So my process over the last few years has been a true mix of pain and grace. I’m reminded of John in Revelations 10:9 eating the scroll and finding it both sweet and bitter.
So overall, I would not use the word “trauma” to describe my own roller coaster journey. But I can see why others do.
Choosing How to Respond
Here’s my sense: we can always choose how to mentally respond, and that mental position informs our emotions. I’ve always believed that our mind can lead our emotions. So when God decides it’s time to grow us, and triggers something that topples some pedestal or idol in our lives, if we choose to focus on the growth, I personally think our emotional response will be healthier.
The key, I think, is recognizing that God really is in control of this whole situation – so my responsibility is not trying to
[get out of it],
but trying to
[get what I can out of it].
As my wife frequently asks, “what’s God doing here?” It’s not pleasant, but He has a purpose even in allowing difficult things to touch His people. God gave Satan permission to test Job – not for Job’s pleasure, but for God’s greater glory and for Job’s maturing.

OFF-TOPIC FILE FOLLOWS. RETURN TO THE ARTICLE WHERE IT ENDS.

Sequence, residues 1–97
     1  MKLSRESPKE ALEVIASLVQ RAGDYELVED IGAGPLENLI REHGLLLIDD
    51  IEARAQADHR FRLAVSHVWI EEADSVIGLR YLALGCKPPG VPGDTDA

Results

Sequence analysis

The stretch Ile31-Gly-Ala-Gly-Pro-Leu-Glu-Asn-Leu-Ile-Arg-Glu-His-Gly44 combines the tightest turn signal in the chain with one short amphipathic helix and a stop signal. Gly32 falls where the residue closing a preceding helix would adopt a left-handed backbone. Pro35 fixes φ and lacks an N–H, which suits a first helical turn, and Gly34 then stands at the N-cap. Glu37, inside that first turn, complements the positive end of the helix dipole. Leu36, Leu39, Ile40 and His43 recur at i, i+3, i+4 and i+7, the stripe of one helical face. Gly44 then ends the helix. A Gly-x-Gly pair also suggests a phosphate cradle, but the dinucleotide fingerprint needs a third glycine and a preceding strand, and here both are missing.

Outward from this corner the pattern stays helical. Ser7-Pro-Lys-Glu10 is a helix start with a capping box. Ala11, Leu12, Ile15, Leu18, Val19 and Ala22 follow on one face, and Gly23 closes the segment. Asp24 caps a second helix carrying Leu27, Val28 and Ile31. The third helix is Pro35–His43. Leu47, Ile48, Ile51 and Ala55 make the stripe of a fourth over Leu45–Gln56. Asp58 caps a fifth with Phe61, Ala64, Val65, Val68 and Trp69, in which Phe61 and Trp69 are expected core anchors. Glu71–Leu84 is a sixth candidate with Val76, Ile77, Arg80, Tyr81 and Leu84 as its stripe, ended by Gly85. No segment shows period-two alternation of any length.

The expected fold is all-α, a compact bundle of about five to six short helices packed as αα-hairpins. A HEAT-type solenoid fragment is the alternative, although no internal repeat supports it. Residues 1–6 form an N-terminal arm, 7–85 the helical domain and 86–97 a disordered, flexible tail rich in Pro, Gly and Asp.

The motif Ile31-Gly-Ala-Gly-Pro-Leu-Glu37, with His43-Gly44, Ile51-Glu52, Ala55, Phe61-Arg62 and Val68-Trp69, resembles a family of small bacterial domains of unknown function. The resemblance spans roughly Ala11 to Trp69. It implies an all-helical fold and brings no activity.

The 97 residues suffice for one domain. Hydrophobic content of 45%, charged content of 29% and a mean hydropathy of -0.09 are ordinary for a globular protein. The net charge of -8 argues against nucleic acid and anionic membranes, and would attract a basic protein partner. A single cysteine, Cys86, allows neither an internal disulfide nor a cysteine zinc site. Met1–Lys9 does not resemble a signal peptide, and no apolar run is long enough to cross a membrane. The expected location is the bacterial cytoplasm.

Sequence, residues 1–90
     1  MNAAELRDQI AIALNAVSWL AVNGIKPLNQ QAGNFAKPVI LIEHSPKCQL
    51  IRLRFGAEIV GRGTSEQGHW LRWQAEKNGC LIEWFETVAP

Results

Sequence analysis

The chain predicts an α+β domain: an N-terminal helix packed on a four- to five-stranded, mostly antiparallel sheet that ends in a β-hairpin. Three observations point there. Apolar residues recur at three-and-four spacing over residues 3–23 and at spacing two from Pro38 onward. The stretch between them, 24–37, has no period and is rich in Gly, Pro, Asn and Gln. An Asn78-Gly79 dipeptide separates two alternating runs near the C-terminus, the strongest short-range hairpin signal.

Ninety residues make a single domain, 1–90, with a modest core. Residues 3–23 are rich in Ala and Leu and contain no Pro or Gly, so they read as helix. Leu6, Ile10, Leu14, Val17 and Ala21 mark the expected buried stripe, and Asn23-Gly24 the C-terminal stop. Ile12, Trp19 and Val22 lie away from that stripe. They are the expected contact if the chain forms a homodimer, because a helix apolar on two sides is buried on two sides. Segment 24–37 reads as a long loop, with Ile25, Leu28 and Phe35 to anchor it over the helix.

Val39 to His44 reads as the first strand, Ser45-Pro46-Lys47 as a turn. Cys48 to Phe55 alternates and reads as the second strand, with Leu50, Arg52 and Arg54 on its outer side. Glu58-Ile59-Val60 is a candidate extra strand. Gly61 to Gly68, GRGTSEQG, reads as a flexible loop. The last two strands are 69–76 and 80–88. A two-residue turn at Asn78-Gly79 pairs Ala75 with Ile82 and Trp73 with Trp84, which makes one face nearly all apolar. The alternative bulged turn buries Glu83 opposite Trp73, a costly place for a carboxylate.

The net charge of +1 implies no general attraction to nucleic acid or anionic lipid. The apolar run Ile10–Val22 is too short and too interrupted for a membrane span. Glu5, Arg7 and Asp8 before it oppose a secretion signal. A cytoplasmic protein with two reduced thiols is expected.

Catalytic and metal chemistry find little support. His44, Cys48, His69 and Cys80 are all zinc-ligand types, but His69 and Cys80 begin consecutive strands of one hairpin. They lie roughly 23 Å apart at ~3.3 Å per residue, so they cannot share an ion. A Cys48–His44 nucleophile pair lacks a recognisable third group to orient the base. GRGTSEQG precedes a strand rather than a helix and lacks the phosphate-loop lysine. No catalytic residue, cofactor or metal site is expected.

I’m also deeply instructed by a number of prophetic statements from leaders who I trust, even given before COVID, that discussed a lot of what we see happening in some form or other – issues of racism, false prophets, toppling of numerous figureheads both secular and religious, and more.
Related to that, I recognize that a lot of what is happening is entirely consistent with Jesus’ and Daniel’s and the Apostle John’s descriptions in Revelations of the necessary things in the end times, including the very specific statement that everything that can be shaken – EVERYTHING – will be shaken, so that only that which cannot be shaken will remain.
From Hebrews 12:25-29, “See to it that you do not refuse Him who is speaking. For if those did not escape when they refused him who warned them on earth, much less will we escape who turn away from Him who warns us from heaven. And His voice shook the earth then, but now He has promised, saying, “Yet once more I will shake not only the earth, but also the heaven.” This expression, “Yet once more,” denotes the removing of those things which can be shaken, as of created things, so that those things which cannot be shaken may remain. Therefore, since we receive a kingdom which cannot be shaken, let’s show gratitude, by which we may offer to God an acceptable service with reverence and awe; for our God is a consuming fire.“